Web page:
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Ukraine tensions boil over following Victoria Azarenka, Marta Kostyuk US Open clash, which ends with a racquet tap
Kostyuk continued to criticize Belarusian Azarenka’s perceived lack of public support for Ukraine in the aftermath of their second-round encounter in Flushing Meadows.
Published Sep 01, 2022
WATCH: Azarenka spoke about a need for tennis to show unity following her Citi Open match against Ukraine's Dayana Yastremska.
NEW YORK—It was a racquet tap that reverberated well beyond the bounds of Court 17, as Ukraine’s Marta Kostyuk explained her decision not to shake Victoria Azarenka’s hand following her 6-2, 6-3 defeat to the Belarusian at the US Open.
“It was my choice because I didn’t feel like any single person who condemned the war publicly, and the actions of their government,” Kostyuk explained in her post-match press conference. “I don’t feel like I can support this.”
Kostyuk, 20, has been among the most vocal athletes when it comes to the continuing war in Ukraine, and remained highly critical of the perceived silence from Russians and Belarusians representing those invading nations after their match.
“With some of them, I had personal relationships and they didn’t come up to me, and some of them have such big fan bases and people supporting and looking out for them from all over the world," Kostyuk said. “In such an important topic that’s happening in the world, having the fan base that they have and don’t use it in the right way to spread a good message that they don’t support the murders, the rapes, the genocide that’s happening: I don’t support this, and I never will.”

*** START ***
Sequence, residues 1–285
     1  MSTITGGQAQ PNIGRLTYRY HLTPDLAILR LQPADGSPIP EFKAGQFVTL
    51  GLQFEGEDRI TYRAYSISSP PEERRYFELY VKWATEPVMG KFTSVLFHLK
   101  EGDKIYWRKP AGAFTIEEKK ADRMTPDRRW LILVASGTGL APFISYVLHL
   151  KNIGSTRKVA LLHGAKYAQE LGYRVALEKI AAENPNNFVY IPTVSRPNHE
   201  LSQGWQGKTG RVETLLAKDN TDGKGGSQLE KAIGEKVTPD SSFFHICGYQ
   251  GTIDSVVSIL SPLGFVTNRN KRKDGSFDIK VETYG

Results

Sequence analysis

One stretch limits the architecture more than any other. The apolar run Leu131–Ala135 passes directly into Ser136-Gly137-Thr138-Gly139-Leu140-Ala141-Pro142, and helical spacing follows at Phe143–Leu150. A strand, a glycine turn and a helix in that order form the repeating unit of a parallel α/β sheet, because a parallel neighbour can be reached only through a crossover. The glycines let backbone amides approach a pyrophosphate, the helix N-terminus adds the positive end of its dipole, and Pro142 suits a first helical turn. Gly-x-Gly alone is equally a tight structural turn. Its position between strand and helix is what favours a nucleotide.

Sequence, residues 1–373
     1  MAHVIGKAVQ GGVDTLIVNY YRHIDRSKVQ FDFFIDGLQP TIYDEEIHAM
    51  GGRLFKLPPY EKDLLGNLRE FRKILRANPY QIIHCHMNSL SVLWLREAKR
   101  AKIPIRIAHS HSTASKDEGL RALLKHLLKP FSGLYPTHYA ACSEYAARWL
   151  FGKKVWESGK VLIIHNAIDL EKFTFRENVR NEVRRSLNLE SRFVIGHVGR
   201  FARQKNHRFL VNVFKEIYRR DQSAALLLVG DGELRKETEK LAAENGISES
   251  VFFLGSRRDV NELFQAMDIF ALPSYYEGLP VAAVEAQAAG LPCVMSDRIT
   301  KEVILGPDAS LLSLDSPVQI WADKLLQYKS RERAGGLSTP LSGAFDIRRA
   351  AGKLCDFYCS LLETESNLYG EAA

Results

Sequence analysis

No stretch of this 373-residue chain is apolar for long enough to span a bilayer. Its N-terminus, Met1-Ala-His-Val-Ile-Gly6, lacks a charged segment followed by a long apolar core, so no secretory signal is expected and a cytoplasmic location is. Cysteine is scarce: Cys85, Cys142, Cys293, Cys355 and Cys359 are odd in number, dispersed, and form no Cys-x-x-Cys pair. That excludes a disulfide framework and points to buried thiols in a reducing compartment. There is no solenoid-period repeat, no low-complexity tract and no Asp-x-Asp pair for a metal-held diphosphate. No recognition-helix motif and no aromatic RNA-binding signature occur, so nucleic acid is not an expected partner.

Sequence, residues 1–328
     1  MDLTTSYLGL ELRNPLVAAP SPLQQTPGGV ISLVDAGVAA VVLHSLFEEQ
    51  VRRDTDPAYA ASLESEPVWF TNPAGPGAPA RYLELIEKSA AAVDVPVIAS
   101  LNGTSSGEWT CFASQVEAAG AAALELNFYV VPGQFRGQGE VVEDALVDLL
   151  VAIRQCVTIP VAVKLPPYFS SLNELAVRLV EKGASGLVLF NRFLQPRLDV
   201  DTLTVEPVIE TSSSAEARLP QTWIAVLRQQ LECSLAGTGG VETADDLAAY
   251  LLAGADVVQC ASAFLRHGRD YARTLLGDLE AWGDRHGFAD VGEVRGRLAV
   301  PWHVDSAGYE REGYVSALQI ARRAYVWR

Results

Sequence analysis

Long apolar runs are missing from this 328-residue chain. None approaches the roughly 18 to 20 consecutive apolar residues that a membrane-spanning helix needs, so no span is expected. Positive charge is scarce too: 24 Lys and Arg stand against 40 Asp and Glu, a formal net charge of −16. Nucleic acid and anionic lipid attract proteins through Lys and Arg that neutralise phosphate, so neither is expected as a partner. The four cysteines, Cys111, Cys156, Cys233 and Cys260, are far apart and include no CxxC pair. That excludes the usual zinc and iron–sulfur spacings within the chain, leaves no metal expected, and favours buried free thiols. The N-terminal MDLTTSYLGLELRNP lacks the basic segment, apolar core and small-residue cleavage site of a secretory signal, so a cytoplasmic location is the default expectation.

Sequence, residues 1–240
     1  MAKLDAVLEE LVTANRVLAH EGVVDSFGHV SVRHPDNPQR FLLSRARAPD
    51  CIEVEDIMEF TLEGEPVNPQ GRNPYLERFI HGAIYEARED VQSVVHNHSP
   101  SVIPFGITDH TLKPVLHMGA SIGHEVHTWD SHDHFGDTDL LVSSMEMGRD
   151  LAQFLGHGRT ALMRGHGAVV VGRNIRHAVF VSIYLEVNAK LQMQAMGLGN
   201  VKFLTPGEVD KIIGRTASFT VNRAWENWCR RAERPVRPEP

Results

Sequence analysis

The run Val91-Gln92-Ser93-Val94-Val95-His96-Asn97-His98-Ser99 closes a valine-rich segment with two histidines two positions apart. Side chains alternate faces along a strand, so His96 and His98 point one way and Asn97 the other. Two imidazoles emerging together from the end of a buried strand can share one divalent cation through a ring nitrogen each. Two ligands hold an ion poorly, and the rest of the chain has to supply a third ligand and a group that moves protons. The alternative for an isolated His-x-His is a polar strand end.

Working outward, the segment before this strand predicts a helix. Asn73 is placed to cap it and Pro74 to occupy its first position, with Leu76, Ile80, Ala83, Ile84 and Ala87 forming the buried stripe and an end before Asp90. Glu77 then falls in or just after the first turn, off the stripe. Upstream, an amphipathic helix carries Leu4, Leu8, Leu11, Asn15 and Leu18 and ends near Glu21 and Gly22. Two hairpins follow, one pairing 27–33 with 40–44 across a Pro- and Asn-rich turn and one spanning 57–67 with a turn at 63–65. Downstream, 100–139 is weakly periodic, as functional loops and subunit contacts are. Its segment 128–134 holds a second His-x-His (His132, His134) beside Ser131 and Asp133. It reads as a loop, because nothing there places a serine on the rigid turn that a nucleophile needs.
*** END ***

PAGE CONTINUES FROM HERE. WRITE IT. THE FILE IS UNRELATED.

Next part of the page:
As a member of the WTA Player Council, Azarenka falls in the latter category for Kostyuk, who said she had sent a text message on Wednesday aiming to warn her that there would be no handshake at the end of their match.
Imagine there is a WWII, and there’s a fundraiser for Jewish people and a German player wants to play. During the war, not 70 years after it happened. I don’t think Jewish people would understand. Marta Kostyuk on Azarenka's attempt to participate in Tennis Plays for Peace